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dc.contributor.authorO'Hare, Patrick
dc.date.accessioned2017-12-07T16:55:20Z
dc.date.available2017-12-07T16:55:20Z
dc.date.issued2017-11-08
dc.identifier.urihttps://www.repository.cam.ac.uk/handle/1810/270059
dc.description.abstractThis dissertation centres on Montevideo’s political and moral economy of discards as experienced through the lives and labour of waste-pickers around Uruguay’s largest landfill, Felipe Cardoso. These workers are known as clasificadores [classifiers] in recognition of their role separating whatever can be recovered from the waste stream from that which cannot. Conducted from a base next to the landfill as a resident of the COVIFU housing cooperative, 12 months of continuous fieldwork and several subsequent visits consisted principally of participant observation conducted with neighbours who worked the waste stream at nearby dumps, recycling plants, and informal yards. The thesis builds on post-human discard studies by recognising the agentive role of the non-human in consecrating materials not only as waste, but also as a ‘commons’. A central idea is that Montevideo’s waste stream is comparable to the historic English commons in several key regards. These include the manner in which disputes over property status centre on use/ access rather than exchange/ ownership; the customary rights which are claimed by vulnerable subjects; and the provision of a refuge from wage labour. A central disciplinary contribution is forged by combining a renewed ethnographic interest in the commons with a historical perspective and the insights of the anthropology of infrastructure, kinship, and materiality. The commons that emerges is neither romantic nor post-capitalist but a vital, temporarily de-commodified space that thrives in the shadow of municipal infrastructure. The thesis is structured by the relationship between Montevideo’s waste commons and its attempted enclosure. Chapter two weaves ethnography of private and public sector waste managers with the history of municipal waste disposal in the city. It pinpoints technologies of containment and elimination as integral to a policy of ‘hygienic enclosure’ deemed necessary to limit waste’s capacity for hygienic and aesthetic chaos as part of attempts to grasp an ever-elusive infrastructural modernity. Chapter three moves from enclosure to the commons. It draws on ethnography conducted at the Felipe Cardoso landfill and explores waste-picker resistance to attempted hygienic enclosure before turning to historical comparison with the English commons. Chapter four narrows in on two material encounters – with melted ice-cream and plastic potatoes – that draw attention to the ways that particular materialities and affordances of what clasificadores call requeche (leftovers) prefigure both their emplacement in the waste stream and their extraction from it. Clasificador praxis is also shown to disturb the boundaries of the landfill as well as those separating subjects from objects and rural from urban commons. Chapter five returns to infrastructure, demonstrating how waste sustains relations of care while also being ‘reversed’ by the social infrastructure of clasificador kin-based labour. The final chapter draws on ethnography conducted at Montevideo’s Aries recycling plant, arguing that recent government waste policy blends clasificadores’ value-based approach to the waste-stream with a Catholic orientation towards the accompaniment of the poor. In privileging jobs for clasificadores, the state maintains a link between waste and vulnerability but encloses only a small fraction of waste-pickers in hygienic plants while dispossessing many more.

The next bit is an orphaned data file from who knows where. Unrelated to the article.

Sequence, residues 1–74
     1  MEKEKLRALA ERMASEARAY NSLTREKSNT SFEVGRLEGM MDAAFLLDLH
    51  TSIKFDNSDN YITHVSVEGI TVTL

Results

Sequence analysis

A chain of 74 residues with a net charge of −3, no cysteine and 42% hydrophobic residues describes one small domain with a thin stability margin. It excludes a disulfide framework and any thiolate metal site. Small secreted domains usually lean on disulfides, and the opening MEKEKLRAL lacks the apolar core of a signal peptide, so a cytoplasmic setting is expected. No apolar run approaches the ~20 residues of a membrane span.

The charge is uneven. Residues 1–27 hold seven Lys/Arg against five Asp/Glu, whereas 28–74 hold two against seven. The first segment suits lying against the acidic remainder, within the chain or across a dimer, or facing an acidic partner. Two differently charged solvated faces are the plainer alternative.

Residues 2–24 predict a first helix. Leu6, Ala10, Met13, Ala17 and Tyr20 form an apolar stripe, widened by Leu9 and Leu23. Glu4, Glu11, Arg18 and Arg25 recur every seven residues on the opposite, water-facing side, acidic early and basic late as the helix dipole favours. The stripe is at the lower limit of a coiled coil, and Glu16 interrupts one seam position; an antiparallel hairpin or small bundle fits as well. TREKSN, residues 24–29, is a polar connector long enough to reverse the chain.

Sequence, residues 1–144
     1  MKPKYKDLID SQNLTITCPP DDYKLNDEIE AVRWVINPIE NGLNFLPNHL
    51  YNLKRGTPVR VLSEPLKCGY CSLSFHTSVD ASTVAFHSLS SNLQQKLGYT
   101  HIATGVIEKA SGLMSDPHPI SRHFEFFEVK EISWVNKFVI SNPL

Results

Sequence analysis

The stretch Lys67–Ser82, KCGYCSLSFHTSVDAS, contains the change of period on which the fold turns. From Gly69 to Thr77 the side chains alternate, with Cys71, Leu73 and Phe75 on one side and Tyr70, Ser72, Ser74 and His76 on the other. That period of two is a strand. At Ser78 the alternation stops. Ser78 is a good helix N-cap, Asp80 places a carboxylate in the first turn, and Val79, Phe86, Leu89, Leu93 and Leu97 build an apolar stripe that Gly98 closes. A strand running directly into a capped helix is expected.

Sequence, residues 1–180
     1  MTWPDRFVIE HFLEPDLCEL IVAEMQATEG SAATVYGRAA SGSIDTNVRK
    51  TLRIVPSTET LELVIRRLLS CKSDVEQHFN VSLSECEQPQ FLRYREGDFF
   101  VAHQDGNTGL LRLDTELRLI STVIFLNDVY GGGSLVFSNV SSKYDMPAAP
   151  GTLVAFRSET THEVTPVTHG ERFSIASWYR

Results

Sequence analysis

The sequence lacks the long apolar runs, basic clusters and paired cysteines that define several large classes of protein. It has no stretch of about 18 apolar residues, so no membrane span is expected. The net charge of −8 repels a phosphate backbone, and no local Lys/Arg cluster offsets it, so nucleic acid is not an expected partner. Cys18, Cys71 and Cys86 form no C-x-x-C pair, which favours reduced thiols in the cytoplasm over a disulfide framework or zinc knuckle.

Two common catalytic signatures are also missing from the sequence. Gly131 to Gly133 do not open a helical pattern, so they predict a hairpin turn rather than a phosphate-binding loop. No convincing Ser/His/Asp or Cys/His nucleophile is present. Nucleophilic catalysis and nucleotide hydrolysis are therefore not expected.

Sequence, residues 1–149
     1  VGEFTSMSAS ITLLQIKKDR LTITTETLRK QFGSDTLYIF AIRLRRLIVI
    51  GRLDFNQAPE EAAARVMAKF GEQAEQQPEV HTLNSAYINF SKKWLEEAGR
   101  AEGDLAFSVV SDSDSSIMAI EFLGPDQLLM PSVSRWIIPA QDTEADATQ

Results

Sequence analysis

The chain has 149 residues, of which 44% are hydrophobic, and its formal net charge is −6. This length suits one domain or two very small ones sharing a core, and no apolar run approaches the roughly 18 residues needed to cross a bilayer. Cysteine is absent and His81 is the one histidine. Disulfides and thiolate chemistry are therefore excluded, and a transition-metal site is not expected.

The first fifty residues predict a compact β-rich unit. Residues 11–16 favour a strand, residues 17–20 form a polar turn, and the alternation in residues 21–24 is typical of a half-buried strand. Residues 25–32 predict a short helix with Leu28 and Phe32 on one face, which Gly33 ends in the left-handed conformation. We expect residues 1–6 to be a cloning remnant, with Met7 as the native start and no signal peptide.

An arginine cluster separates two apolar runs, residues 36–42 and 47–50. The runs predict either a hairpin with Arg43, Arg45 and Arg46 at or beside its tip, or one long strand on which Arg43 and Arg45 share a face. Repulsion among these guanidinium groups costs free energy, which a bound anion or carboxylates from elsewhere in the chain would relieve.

dc.description.sponsorshipFunded by the Econonomic and Social Research Council (ESRC)
dc.language.isoen
dc.rightsNo Creative Commons licence (All rights reserved)
dc.rightsAll Rights Reserveden
dc.rights.urihttps://www.rioxx.net/licenses/all-rights-reserved/en
dc.subjectwaste
dc.subjectwastepicking
dc.subjectprecarity
dc.subjectinfrastructure
dc.subjectUruguay
dc.subjectmontevideo
dc.subjectlandfill
dc.titleRecovering Requeche and Classifying Clasificadores: An Ethnography of Hygienic Enclosure and Montevideo’s Waste Commons
dc.typeThesis
dc.type.qualificationlevelDoctoral
dc.type.qualificationnameDoctor of Philosophy (PhD)
dc.publisher.institutionUniversity of Cambridge
dc.publisher.departmentSocial Anthropology
dc.date.updated2017-12-07T16:32:55Z
dc.identifier.doi10.17863/CAM.16883
dc.publisher.collegeClare
dc.type.qualificationtitlePhD in Social Anthropology
cam.supervisorLazar, Sian
rioxxterms.freetoread.startdate2018-12-07


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